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Turbomolecular pump

Turbomolecular pumps use a rapidly spinning turbine rotor to push gas from the inlet of the pump towards the exhaust, in order to create or maintain a vacuum. Most turbomolecular pumps employ multiple stages consisting of rotor/stator pairs mounted in series. Gas captured by the upper stages is pushed into the lower stages and successively compressed to the level of the fore-vacuum pressure. As with the diffusion pump a mechanical vacuum pump is usually employed to reduce the exhaust pressure.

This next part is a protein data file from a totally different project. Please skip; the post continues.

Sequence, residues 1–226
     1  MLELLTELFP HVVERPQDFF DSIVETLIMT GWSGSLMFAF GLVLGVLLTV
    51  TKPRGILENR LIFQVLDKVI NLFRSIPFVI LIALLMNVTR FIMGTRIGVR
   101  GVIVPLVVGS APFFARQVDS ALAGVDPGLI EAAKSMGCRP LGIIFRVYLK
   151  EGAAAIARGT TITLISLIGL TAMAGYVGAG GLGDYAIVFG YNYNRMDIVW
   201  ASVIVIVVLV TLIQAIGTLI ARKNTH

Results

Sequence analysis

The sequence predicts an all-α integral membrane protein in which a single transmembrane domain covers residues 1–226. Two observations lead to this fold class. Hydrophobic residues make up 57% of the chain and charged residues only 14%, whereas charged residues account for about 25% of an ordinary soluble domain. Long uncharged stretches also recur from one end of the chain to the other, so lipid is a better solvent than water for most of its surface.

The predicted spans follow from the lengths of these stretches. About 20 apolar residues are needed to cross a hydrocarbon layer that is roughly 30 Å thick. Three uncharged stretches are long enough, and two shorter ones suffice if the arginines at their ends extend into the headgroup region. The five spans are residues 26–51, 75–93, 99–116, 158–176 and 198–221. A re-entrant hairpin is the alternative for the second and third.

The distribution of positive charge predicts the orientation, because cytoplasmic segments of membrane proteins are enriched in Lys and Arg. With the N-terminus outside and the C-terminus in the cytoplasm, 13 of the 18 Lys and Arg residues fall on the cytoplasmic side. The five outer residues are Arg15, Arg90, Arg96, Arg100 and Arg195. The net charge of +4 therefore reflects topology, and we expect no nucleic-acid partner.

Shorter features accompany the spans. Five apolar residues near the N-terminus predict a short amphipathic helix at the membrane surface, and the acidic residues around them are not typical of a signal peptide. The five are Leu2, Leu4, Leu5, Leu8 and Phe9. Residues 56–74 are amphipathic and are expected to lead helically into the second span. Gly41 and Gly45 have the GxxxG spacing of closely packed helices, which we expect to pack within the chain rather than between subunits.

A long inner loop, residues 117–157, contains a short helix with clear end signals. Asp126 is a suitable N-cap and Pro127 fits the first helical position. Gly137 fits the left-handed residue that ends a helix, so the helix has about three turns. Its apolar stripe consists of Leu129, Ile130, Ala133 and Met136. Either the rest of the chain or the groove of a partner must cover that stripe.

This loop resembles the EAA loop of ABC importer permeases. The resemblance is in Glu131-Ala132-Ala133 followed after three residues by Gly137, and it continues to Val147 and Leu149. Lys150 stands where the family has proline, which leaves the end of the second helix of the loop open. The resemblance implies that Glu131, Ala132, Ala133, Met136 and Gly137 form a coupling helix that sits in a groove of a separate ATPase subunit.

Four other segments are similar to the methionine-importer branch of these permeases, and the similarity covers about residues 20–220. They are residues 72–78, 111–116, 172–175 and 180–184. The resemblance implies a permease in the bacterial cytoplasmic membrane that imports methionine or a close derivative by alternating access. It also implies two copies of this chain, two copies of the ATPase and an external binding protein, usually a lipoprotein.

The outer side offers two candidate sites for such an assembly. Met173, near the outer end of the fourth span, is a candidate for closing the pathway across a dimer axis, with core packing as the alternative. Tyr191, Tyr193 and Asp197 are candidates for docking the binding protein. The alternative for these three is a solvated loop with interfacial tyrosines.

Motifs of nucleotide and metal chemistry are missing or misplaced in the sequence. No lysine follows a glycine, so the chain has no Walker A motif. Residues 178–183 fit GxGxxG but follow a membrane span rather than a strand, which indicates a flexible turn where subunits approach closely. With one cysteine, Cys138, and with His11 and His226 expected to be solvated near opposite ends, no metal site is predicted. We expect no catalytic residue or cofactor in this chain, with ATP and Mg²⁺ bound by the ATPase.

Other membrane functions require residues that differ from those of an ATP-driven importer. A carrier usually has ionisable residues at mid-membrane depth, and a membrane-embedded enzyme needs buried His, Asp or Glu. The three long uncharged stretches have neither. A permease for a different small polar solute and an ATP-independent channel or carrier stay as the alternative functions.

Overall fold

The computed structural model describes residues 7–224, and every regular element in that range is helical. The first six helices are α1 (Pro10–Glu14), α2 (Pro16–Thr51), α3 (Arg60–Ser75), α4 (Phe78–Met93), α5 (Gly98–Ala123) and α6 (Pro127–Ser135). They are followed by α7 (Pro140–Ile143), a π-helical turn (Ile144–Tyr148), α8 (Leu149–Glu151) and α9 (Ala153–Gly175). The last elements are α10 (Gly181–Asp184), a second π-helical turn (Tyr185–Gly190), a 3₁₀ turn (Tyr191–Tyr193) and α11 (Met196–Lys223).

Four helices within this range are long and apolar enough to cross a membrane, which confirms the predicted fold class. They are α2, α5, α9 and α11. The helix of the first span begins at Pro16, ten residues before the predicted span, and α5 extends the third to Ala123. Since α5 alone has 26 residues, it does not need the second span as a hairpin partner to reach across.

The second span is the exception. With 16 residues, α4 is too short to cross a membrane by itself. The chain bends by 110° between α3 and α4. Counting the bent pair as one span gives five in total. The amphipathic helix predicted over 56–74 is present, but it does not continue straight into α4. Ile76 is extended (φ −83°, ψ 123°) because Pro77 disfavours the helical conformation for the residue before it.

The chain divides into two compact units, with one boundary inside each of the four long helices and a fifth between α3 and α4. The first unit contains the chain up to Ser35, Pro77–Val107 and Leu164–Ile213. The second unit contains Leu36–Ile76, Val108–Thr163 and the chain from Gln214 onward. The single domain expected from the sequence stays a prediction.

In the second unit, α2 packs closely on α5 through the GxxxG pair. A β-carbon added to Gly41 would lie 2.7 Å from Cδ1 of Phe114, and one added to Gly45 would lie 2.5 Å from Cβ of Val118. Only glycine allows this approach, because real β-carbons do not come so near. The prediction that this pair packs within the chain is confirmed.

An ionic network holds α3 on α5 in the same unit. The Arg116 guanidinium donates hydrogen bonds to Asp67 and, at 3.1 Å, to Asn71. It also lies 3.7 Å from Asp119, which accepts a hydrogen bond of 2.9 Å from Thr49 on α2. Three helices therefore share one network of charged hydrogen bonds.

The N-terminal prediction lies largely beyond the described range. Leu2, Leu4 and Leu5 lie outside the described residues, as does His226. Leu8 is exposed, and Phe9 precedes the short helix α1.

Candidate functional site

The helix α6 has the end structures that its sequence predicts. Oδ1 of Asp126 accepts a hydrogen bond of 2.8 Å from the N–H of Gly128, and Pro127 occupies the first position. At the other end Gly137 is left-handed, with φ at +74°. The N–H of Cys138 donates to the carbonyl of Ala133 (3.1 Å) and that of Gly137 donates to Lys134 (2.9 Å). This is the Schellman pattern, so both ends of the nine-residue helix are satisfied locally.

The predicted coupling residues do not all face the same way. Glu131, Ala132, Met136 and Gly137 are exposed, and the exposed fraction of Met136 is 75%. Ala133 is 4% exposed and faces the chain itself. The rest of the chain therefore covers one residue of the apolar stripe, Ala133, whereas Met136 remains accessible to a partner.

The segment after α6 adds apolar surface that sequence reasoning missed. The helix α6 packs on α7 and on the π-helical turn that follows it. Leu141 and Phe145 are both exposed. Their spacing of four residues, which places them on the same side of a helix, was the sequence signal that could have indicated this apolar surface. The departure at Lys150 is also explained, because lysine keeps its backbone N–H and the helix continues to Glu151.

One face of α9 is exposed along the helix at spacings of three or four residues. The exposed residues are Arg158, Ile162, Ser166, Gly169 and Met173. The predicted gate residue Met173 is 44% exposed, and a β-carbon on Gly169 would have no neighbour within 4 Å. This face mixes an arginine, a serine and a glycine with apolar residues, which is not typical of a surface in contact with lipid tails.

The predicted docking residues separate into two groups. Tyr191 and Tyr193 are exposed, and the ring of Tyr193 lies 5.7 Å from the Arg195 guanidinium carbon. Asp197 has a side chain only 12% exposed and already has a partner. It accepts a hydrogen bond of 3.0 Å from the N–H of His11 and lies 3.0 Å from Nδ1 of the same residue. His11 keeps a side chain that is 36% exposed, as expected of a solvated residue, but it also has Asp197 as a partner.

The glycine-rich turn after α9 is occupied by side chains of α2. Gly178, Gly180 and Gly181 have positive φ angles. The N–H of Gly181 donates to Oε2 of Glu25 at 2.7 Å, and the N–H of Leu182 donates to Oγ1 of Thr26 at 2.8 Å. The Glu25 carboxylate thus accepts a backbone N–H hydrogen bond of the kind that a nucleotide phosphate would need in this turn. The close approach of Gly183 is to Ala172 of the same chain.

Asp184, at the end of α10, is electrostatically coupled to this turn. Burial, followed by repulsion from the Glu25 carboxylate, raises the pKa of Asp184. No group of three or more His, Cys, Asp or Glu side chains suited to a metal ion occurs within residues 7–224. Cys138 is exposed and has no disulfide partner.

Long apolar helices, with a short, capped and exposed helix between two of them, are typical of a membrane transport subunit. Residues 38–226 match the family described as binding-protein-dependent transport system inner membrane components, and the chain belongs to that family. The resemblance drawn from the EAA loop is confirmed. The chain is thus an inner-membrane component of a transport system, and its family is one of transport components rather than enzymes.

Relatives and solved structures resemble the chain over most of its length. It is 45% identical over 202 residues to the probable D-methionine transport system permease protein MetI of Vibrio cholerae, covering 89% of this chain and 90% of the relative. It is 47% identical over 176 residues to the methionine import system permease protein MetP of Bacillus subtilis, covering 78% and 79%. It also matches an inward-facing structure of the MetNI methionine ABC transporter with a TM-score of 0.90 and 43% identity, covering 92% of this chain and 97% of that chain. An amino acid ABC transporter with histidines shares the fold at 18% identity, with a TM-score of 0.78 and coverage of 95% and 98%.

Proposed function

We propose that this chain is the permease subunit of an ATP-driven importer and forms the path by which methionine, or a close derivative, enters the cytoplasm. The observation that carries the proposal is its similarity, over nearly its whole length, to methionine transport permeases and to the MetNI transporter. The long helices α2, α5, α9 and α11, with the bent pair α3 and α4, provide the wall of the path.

The maximum compression varies linearly with circumferential rotor speed. In order to obtain extremely low pressures on the order of 10-10 torr, rotation rates of 20,000 to 30,000 revolutions per minute are often necessary. Unfortunately, the compression ratio varies exponentially with the square root of the molecular weight of the gas. Thus, heavy molecules are pumped much more efficiently than light molecules. Most gases are heavy enough that this isn't really an issue, however hydrogen and helium are not pumped efficiently.



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